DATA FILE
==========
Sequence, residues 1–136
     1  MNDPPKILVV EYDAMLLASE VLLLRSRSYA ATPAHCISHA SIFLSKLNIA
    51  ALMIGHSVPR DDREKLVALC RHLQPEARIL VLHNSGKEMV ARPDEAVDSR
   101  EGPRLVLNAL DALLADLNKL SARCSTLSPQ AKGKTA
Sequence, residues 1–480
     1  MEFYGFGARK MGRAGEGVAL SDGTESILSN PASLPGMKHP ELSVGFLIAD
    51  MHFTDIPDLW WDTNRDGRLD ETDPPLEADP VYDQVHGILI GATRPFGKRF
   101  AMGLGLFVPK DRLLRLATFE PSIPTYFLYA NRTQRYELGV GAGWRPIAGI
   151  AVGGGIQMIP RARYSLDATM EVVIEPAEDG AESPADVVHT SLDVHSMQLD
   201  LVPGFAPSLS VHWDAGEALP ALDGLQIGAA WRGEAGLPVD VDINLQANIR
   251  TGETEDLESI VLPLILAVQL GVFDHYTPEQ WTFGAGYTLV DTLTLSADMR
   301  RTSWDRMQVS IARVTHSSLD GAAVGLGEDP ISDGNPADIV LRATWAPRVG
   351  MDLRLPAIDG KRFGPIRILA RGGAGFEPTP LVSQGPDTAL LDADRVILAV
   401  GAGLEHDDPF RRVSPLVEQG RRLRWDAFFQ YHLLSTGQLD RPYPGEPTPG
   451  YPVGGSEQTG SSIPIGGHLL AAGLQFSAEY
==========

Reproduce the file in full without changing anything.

Sequence, residues 1–136
     1  MNDPPKILVV EYDAMLLASE VLLLRSRSYA ATPAHCISHA SIFLSKLNIA
    51  ALMIGHSVPR DDREKLVALC RHLQPEARIL VLHNSGKEMV ARPDEAVDSR
   101  EGPRLVLNAL DALLADLNKL SARCSTLSPQ AKGKTA
Sequence, residues 1–480
     1  MEFYGFGARK MGRAGEGVAL SDGTESILSN PASLPGMKHP ELSVGFLIAD
    51  MHFTDIPDLW WDTNRDGRLD ETDPPLEADP VYDQVHGILI GATRPFGKRF
   101  AMGLGLFVPK DRLLRLATFE PSIPTYFLYA NRTQRYELGV GAGWRPIAGI
   151  AVGGGIQMIP RARYSLDATM EVVIEPAEDG AESPADVVHT SLDVHSMQLD
   201  LVPGFAPSLS VHWDAGEALP ALDGLQIGAA WRGEAGLPVD VDINLQANIR
   251  TGETEDLESI VLPLILAVQL GVFDHYTPEQ WTFGAGYTLV DTLTLSADMR
   301  RTSWDRMQVS IARVTHSSLD GAAVGLGEDP ISDGNPADIV LRATWAPRVG
   351  MDLRLPAIDG KRFGPIRILA RGGAGFEPTP LVSQGPDTAL LDADRVILAV
   401  GAGLEHDDPF RRVSPLVEQG RRLRWDAFFQ YHLLSTGQLD RPYPGEPTPG
   451  YPVGGSEQTG SSIPIGGHLL AAGLQFSAEY